DES MOINES, Iowa — Eyeing a possible presidential run, former Mayor Michael Bloomberg reversed his previous harsh criticism of ethanol and blasted away at President Trump, saying that someone should “take away” the president’s keyboard.
Bloomberg made the comments after spending the day in agriculture-dependent Iowa, a crucial early battleground for presidential hopefuls.
“I think that ethanol and bio fuels are part of the mix, there’s a place for it,” Bloomberg said, when asked about his previous criticism of government support for the corn-based fuel.
“I think eventually, you’d like to get to a world where you don’t burn anything, that’s the way that you really clean the air the most. But we’re a long way from that, and I think ethanol… is part of the mix and it’s going to be part of the mix for a long time.”
Bloomberg also argued that corn-based ethanol is carbon “neutral,” a contention disputed by many environmentalists.
It’s a dramatic change for Bloomberg, who blasted the subsidies in an appearance on MSNBC in November 2007 and later at the UN.
“Subsidizing corn may be good agriculture policy, I’m not an expert on that, but it is bad energy policy,” he said at the time.
Bloomberg also took aim at Trump, who has dubbed the former mayor “Little Michael.”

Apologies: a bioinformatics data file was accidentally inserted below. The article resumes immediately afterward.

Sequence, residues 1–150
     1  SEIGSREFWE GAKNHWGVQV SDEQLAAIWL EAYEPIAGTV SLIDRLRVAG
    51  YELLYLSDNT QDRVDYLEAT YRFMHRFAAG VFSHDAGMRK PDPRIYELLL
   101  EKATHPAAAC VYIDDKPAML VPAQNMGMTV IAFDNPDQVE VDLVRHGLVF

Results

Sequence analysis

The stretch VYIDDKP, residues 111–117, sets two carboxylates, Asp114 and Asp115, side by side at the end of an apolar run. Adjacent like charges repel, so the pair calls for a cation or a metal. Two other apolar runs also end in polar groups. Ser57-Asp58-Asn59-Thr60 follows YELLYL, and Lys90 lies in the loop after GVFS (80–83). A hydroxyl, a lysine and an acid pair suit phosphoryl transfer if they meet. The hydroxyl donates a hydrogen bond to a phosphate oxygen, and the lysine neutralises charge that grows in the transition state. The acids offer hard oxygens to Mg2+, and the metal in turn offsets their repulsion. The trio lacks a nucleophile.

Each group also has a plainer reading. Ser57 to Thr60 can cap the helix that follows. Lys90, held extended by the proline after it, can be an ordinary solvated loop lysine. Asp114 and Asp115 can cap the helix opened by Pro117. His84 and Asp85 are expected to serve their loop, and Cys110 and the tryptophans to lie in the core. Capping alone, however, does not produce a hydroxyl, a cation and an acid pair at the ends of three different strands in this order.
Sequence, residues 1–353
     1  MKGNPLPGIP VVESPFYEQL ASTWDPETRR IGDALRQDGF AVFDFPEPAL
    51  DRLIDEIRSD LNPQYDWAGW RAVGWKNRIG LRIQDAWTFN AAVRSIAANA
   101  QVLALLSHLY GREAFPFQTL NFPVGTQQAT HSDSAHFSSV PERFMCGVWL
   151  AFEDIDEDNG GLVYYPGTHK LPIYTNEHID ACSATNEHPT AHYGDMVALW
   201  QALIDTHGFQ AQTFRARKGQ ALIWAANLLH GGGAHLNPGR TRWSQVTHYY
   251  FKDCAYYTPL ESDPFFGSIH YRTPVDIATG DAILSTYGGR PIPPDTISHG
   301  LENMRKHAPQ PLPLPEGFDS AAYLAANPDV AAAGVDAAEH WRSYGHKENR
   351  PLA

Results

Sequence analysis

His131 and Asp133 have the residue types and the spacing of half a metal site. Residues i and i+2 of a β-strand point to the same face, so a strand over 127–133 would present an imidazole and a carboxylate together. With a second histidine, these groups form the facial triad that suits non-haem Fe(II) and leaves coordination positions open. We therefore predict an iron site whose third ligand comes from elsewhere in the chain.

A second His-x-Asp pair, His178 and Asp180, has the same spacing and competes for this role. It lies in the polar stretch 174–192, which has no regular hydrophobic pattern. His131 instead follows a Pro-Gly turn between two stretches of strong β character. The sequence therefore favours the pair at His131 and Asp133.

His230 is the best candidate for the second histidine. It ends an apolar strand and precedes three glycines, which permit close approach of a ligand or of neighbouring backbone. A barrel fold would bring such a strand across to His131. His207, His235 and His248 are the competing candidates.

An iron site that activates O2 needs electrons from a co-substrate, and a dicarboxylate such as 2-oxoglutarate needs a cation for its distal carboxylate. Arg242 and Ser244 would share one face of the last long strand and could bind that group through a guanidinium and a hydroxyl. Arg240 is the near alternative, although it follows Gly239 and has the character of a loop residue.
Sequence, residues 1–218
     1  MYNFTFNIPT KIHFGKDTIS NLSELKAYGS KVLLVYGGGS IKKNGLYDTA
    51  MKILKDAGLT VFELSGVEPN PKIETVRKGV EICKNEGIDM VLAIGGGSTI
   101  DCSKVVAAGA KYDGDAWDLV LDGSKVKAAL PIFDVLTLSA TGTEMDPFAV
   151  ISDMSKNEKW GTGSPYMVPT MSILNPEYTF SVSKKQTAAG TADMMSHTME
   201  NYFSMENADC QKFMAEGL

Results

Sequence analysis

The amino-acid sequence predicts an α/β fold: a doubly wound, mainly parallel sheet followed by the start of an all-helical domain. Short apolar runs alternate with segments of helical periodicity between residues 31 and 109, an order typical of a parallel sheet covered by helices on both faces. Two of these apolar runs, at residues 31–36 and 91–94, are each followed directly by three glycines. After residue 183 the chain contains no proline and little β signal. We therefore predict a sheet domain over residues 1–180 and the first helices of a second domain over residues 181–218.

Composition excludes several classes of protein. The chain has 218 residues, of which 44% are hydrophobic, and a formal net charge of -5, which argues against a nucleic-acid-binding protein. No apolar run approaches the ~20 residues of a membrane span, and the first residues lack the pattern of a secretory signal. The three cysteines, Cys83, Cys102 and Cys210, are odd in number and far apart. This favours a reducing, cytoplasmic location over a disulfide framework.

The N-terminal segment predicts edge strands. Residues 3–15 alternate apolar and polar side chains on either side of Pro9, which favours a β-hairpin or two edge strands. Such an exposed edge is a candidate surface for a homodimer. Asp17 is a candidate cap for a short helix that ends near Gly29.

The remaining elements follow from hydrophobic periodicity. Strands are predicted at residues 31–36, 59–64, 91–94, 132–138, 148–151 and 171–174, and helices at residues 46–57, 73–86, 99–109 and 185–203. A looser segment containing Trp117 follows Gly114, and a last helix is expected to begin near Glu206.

“We’ve just got to have a government that faces the issues” he said. “You just can’t have a government that doesn’t believe in science. For god’s sake, if you get sick, do you really want to go to a witch doctor?”
He stayed on the attack against Trump when asked about the 799-point drop in the Dow Jones on Tuesday.
“He tweeted that they had a deal and then the Chinese said ‘huh,” Bloomberg said.
“Donald Trump is someone who tends to get ahead of the news, and I said this a long time ago, someone should take away his keyboard.”
Bloomberg’s trip to Iowa was billed as a chance to premier a new documentary about climate change supported by his philanthropy.
Iowans awoke to an op-ed from Bloomberg in the state’s largest paper about the importance of wind energy — a key eco-friendly industry here – that also took Trump to task for pulling out of the climate change deal the US negotiated with more than 180 countries in Paris.
“Iowans understand what too many leaders in Washington don’t: Fighting climate change is good for our health and our economy,” Bloomberg wrote in The Des Moines Register.
“That is a fact that the White House has yet to grasp. In explaining his decision to pull the U.S. out of the Paris Agreement, President Trump said that he was `elected to represent the people of Pittsburgh, not Paris,’” earning a harsh rebuke from the pro-environment mayor of the metropolis once known as Steel City.
Bloomberg landed in Cedar Rapids, a two-hour drive from Des Moines, where he toured a solar panel installation company before heading to the suburban Des Moines community college.
He then went to a gathering of mothers in favor of tougher gun laws – a cause that he started backing as mayor.
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